The "double Dirac cone" 2D topological interface states found on the (001) faces of topological crystalline insulators such as Pb1-xSnxSe feature degeneracies located away from time reversal invariant momenta and are a manifestation of both mirror symmetry protection and valley interactions. Similar shifted degeneracies in 1D interface states have been highlighted as a potential basis for a topological transistor, but realizing such a device will require a detailed understanding of the intervalley physics involved. In addition, the operation of this or similar devices outside of ultrahigh vacuum will require encapsulation, and the consequences of this for the topological interface state must be understood. Here we address both topics for the case of 2D surface states using angle-resolved photoemission spectroscopy. We examine bulk Pb1-xSnxSe(001) crystals overgrown with PbSe, realizing trivial/topological heterostructures. We demonstrate that the valley interaction that splits the two Dirac cones at each X̄ is extremely sensitive to atomic-scale details of the surface, exhibiting non-monotonic changes as PbSe deposition proceeds. This includes an apparent total collapse of the splitting for sub-monolayer coverage, eliminating the Lifshitz transition. For a large overlayer thickness we observe quantized PbSe states, possibly reflecting a symmetry confinement mechanism at the buried topological interface.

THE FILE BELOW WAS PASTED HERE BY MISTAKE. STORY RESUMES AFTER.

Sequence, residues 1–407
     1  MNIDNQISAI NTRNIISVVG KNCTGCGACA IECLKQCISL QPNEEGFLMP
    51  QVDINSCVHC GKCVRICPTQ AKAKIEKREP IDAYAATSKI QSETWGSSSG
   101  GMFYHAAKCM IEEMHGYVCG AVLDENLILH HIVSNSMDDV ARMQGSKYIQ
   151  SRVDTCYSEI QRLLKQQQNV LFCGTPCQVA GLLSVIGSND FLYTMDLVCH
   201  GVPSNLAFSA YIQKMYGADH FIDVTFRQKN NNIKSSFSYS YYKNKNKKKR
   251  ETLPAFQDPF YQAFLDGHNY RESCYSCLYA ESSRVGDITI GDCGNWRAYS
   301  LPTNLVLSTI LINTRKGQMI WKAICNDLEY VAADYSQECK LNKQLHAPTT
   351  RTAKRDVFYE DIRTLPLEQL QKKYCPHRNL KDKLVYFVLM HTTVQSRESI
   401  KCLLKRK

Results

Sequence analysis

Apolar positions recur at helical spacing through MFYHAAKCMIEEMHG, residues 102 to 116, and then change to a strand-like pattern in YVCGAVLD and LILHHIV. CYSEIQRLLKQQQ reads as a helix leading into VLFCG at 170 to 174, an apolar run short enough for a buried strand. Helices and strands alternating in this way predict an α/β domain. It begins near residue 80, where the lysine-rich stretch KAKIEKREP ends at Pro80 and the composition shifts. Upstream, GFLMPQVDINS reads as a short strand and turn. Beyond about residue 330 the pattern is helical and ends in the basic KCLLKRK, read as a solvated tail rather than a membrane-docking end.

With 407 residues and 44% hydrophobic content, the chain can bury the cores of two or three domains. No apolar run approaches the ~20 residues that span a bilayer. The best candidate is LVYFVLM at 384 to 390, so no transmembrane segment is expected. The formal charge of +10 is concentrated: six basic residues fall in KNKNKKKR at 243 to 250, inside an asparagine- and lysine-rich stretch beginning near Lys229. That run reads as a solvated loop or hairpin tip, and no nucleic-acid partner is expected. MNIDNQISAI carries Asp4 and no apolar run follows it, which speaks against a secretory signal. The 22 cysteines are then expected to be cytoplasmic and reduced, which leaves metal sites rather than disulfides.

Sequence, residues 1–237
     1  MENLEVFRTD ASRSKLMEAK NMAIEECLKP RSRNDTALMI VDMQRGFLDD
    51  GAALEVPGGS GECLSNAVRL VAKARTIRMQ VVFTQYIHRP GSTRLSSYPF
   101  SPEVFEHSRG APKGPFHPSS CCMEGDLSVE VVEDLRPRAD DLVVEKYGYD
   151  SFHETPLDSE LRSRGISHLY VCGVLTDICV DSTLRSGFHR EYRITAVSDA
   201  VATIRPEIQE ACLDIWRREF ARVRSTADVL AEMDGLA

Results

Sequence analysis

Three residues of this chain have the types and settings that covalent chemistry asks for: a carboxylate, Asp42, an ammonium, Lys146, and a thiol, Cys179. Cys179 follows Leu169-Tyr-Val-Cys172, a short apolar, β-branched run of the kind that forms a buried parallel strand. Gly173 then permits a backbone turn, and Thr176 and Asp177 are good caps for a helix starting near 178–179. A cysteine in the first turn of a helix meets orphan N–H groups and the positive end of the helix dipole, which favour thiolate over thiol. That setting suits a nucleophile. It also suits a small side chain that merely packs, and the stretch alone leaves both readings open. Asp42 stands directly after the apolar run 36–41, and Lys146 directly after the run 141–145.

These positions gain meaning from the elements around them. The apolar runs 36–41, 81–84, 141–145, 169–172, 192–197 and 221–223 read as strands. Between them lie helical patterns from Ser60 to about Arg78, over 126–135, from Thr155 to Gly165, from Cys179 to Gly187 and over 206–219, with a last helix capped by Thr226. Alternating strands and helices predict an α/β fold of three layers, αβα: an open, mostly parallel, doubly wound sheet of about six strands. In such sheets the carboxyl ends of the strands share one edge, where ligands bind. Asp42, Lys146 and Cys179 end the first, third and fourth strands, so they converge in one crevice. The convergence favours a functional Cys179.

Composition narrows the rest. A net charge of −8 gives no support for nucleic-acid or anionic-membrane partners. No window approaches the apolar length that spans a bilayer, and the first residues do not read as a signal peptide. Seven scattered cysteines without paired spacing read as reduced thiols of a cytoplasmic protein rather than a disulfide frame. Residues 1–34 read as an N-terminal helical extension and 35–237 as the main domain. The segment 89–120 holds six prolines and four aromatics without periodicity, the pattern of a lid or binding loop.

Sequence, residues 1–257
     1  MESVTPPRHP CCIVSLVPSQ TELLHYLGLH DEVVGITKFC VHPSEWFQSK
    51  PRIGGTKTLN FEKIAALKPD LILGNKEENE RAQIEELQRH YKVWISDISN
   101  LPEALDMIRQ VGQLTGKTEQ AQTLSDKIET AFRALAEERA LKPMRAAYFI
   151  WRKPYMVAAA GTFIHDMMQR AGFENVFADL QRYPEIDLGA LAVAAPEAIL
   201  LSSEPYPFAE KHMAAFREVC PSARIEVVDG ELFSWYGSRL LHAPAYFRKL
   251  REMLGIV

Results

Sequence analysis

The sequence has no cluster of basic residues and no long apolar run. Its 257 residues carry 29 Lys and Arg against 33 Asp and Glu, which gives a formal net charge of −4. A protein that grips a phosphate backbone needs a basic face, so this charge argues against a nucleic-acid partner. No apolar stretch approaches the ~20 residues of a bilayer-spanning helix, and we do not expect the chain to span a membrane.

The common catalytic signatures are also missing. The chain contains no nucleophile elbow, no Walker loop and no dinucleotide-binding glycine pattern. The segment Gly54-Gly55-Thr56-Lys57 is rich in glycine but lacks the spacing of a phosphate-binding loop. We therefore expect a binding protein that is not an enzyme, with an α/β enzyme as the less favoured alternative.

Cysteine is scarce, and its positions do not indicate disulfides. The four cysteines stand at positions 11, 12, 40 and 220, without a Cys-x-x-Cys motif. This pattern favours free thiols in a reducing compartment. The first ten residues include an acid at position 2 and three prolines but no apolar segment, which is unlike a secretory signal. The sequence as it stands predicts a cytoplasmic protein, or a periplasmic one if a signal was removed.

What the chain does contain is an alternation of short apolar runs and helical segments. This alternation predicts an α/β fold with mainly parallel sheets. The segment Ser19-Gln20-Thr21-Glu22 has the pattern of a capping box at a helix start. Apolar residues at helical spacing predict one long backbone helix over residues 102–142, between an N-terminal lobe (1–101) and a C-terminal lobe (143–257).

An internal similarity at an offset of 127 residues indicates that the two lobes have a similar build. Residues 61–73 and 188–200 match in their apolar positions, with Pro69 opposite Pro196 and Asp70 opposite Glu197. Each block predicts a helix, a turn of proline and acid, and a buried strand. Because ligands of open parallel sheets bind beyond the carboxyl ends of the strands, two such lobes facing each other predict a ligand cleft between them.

- angle-resolved photoemission spectroscopy (ARPES)
- quantum confinement
- topological crystalline insulator
- topological heterostructure
- valley splitting